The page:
ALBANY — Gov. Andrew Cuomo and legislative leaders have reached an agreement on a controversial bill that would extend the amount of time in which a patient can file a medical malpractice lawsuit for a missed cancer diagnosis.
The agreement on Lavern’s Law—named after Lavern Wilkinson of the Bronx, who died in 2013 at the age of 41—puts to bed concerns by hospitals, physicians and medical malpractice insurers that there would be an influx of lawsuits costing them millions of dollars.
The bill, which was approved by lawmakers during the last few days of the legislative session in June 2017 but had awaited the governor’s signature, would start the clock on when patients can bring medical malpractice cases involving cancers or malignant tumors from when the error is discovered by the patient, instead of when the misdiagnosis occurred, as is the case now.
The agreed-upon final version of the bill would change the statute of limitation to sue for a missed cancer diagnosis to two-and-a-half years from the time the patient discovers the misdiagnosis. Current law limits the window to 15 months after the misdiagnosis occurred, meaning some patients lost the right to sue before they even became aware of the misdiagnosis.
Under the agreement, the two-and-a-half year statute of limitations would run from the date that the plaintiff knew or should have known of the negligence, instead of the date when the negligence occurred, with an outer limit of seven years from the date of occurrence, according to a news release from Cuomo’s office. The legislation and the amendments are expected to pass both houses as early as Tuesday.
Wilkinson, for whom the legislation is named, died in 2013 from a “treatable form of lung cancer.” Her doctors failed to tell her that a chest X-ray taken in 2010 showed a suspicious, two- centimeter mass on her right lung, according to the New York Daily News, which has written numerous editorials urging passage of the legislation. In May 2012, Wilkinson returned to Kings County Hospital in Brooklyn with a chronic cough. A chest X-ray found that the cancer had spread throughout her body. By the time Wilkinson learned of the doctors’ error in 2012, the statute of limitation for her to file a lawsuit had expired.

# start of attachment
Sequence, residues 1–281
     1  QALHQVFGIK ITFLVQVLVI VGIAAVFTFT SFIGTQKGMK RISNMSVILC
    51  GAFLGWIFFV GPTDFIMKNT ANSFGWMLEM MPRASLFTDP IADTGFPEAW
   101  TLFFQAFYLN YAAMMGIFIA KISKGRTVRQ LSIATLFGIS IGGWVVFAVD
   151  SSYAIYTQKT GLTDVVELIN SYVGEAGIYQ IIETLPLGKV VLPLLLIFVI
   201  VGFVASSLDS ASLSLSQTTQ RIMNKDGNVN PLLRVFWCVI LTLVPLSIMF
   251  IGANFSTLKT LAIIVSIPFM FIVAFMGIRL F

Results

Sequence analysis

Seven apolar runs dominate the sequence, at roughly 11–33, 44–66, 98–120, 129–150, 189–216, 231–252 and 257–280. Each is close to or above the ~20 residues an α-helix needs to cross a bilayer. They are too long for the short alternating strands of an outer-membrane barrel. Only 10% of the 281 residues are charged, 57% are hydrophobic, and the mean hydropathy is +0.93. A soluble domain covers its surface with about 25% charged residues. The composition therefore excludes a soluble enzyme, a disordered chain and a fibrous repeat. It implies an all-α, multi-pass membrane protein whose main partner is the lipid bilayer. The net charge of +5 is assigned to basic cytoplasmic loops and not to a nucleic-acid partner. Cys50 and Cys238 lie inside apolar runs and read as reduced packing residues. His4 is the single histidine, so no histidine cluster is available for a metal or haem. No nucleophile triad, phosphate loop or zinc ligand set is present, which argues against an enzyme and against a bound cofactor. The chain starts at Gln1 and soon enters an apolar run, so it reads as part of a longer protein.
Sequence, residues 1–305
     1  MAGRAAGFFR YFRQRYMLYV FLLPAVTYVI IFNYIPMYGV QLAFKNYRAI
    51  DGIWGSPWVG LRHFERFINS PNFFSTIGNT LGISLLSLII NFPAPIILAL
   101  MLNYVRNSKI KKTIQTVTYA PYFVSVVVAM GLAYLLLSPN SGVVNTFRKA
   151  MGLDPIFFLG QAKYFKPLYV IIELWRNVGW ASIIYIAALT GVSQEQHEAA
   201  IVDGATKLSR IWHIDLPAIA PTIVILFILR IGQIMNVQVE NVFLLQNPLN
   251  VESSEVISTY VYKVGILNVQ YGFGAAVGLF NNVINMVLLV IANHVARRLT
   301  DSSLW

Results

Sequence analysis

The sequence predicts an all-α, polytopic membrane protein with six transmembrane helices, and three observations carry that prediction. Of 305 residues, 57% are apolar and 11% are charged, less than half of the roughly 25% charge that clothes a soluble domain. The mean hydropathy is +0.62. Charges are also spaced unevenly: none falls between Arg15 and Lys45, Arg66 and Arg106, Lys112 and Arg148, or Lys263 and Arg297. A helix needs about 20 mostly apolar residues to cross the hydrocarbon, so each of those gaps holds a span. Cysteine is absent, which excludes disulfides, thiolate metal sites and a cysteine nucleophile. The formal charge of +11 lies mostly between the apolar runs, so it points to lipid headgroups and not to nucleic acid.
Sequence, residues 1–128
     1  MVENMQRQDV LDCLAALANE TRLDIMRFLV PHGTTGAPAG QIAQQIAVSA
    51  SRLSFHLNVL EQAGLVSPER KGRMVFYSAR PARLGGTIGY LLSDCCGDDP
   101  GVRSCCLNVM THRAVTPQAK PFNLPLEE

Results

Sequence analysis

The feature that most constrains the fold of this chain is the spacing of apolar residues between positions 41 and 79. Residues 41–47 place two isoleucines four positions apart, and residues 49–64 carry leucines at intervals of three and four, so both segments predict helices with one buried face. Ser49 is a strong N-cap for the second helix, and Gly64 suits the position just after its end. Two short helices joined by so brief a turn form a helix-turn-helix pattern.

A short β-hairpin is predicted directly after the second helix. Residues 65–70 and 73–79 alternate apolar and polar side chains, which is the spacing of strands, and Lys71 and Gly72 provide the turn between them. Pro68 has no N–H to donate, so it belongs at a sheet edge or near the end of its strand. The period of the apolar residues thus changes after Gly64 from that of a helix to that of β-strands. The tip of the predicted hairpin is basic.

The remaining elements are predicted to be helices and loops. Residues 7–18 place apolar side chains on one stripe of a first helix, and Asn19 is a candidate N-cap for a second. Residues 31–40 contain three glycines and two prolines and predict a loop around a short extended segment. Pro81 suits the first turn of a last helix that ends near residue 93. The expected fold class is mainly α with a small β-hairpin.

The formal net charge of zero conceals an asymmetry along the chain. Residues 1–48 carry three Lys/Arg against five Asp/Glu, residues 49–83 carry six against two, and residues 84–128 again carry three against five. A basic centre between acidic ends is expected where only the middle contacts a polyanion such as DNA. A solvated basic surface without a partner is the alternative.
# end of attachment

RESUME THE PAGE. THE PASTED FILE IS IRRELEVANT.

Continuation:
State Sen. John DeFrancisco, the deputy majority leader and sponsor of Lavern’s Law, had been pessimistic about the governor signing the bill.
“I had been pessimistic because it kept getting weakened and weakened and weakened and I had the distinct impression that it was going to get too weak and it wouldn’t be worth the effort,” DeFrancisco, R-Syracuse, told the New York Law Journal on Monday afternoon. “I think it’s a reasonable compromise. I would have liked the original bill better. But i’m just happy that now people do have some redress, in at least cancer cases, where they can bring suit if there’s negligence.”
DeFrancisco, who is expected to announce his bid for governor tomorrow, is of counsel at Syracuse-based personal injury firm DeFrancisco & Falgiatano.
For months, representatives from the influential Trial Lawyers Association and hospital trade groups—such as the Healthcare Association of New York State and Greater New York Hospital Association—have been in negotiations over the bill.
“Lavern’s Law is the result of an extremely committed coalition of advocates, courageous patients and their families and others who came together to address injustice. We will continue to work across New York to make our state fairer, safer and more equitable for New Yorkers of all walks of life,” said Matt Funk, president of the New York State Trial Lawyers Association.